Circulation of Lymph with Flow Chart

The pathway of lymph is an open channel where the lymphatic fluid circulates. Since it is a one-way channel, lymph can move from tissue spaces to the blood. The lymph typically moves from lymphatic vessels to lymphatic trunks, collecting ducts, and ultimately into the subclavian veins. Here, let us discuss the circulation of lymph with the help of a flowchart.

Table of Contents

Circulation of Lymph

The lymphatic system emerges from tissue spaces as a fine meshwork of vessels. It is a complex fluid drainage system. Normal blood circulation forces fluid out of the bloodstream, where it is filtered by lymph nodes to get rid of bacteria and abnormal cells. Thereafter, the lymph vessels carry this fluid back into the bloodstream.

When the interstitial fluid reaches lymph capillaries, it is called lymph. The interstitial fluid is transferred from lymphatic capillaries to lymphatic collecting vessels, where it is filtered by lymph nodes throughout the length of the vessels and stopped from flowing backwards by valves. Lymph moves from lymphatic vessels to lymphatic trunks, collecting ducts, and ultimately into the subclavian veins.

Circulation of Lymph – Flow Chart

Blood capillaries

Interstitial fluid

Lymphatic capillary

Afferent lymph vessel

Lymph node

Efferent lymph vessel

Lymphatic trunk

Collecting duct

Subclavian vein

There are two large collecting ducts. One on the right side (right lymphatic duct) and the other on the left side (thoracic duct). The right lymphatic duct drains into the junction of the right subclavian veins and the right internal jugular veins. Likewise, the thoracic duct drains between the left subclavian and left internal jugular veins. More than two-thirds of the body’s tissue spaces have lymphatic vessels that drain into the thoracic duct.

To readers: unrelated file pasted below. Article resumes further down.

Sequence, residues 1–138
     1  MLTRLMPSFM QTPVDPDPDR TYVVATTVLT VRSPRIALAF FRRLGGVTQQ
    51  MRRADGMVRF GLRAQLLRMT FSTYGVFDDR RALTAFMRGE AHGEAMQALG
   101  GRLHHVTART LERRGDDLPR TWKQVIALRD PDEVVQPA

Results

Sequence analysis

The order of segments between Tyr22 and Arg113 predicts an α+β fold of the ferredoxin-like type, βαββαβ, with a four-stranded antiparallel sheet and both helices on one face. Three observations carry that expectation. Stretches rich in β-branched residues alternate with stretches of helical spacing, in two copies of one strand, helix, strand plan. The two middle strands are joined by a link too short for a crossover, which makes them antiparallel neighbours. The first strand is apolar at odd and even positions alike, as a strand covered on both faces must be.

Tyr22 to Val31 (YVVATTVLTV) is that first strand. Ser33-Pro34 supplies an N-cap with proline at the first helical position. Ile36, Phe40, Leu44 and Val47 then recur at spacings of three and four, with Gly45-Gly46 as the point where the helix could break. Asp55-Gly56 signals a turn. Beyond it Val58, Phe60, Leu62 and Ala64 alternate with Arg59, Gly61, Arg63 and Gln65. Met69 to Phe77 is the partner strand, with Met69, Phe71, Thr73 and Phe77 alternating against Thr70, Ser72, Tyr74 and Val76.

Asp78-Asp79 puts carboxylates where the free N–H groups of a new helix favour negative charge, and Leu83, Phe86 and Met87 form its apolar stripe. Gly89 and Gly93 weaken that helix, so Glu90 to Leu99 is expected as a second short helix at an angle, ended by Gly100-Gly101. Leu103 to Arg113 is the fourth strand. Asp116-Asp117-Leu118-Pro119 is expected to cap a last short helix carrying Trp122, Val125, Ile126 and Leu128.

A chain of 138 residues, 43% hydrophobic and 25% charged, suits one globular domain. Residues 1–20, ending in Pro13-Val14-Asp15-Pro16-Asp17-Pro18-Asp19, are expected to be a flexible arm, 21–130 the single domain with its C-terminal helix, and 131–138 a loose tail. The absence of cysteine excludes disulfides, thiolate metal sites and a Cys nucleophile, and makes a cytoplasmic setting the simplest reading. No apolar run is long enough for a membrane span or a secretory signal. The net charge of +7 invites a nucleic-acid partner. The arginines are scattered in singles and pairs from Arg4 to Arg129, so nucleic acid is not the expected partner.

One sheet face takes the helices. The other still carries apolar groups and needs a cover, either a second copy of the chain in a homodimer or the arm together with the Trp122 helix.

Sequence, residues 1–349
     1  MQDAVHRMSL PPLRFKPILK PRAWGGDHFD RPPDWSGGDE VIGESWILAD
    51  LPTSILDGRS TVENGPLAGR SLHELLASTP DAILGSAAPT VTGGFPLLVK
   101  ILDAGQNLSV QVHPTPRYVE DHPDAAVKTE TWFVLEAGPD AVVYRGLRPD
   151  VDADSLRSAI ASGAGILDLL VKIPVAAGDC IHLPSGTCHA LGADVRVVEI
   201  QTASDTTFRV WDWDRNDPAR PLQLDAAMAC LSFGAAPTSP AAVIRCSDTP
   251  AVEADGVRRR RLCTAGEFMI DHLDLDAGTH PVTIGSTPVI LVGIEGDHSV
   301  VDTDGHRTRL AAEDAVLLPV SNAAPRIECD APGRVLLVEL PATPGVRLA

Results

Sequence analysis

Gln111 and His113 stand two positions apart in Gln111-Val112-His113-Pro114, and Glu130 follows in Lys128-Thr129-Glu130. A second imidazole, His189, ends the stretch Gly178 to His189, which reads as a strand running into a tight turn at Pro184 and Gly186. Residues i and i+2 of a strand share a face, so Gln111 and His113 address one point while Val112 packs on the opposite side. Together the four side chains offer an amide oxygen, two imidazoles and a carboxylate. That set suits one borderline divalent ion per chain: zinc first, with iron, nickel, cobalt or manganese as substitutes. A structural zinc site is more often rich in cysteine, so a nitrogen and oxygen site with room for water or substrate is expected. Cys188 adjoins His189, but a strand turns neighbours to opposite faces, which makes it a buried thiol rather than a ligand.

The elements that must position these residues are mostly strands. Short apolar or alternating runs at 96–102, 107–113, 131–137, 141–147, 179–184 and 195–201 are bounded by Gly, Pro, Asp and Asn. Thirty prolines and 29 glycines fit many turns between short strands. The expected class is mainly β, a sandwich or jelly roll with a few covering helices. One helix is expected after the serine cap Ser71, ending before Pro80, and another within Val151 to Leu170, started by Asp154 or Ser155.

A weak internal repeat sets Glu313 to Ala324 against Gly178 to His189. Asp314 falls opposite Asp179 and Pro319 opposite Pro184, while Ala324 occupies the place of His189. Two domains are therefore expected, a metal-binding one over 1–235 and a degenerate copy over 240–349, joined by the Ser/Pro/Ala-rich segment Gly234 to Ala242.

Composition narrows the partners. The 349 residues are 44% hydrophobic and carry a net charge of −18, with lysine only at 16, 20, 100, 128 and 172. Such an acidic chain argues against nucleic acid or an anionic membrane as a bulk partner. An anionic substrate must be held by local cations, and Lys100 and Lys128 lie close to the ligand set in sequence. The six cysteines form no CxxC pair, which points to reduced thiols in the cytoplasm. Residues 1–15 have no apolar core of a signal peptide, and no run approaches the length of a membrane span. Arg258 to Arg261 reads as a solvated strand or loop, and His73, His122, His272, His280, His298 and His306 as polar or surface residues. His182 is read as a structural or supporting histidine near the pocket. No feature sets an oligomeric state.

Also Check:Composition and Function of Lymph in Humans

Rate of Lymph Circulation

Lymph enters the blood at a rate of about 120 mL per hour. Out of this, the right lymphatic duct receives 20 mL/hour and the thoracic duct receives roughly 100 mL/hour.

Factors Increasing Lymph Flow

  • The rise in interstitial fluid pressure encourages lymphatic flow.
  • The increase in the blood capillary pressure.
  • Increasing lymph capillary surface area through dilatation.
  • The rise in lymph capillaries’ permeability.
  • The rise in tissues’ functional activities.

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Frequently Asked Questions

Q1

What is meant by lymph?

The fluid that travels through the lymphatic system is called lymph. The lymph is usually transparent and colourless. It is composed of 4% solids, 96% water and some blood cells.
Q2

What are lymphatic capillaries?

Lymph capillaries are microvessels with thin walls and are found between cells. Endothelial cells cover the inside of lymph capillaries and enable the passage of tissue fluid into the lymphatic system from interstitial spaces. Lymphatic capillaries combine to create large lymphatic vessels.
Q3

What is the difference between blood and lymph capillaries?

Lymph capillaries have a slightly different structure than blood capillaries. The cells in lymph capillaries overlap one another and are more permeable. Additionally, they are greater in diameter than blood capillaries. The fluid can enter lymph capillaries but cannot exit through the cell walls, unlike blood capillaries.
Q4

What is the major difference between lymph and blood flow?

The lymph circulation is slow and unidirectional (towards the heart). Whereas the flow of blood is comparatively faster and is bidirectional.
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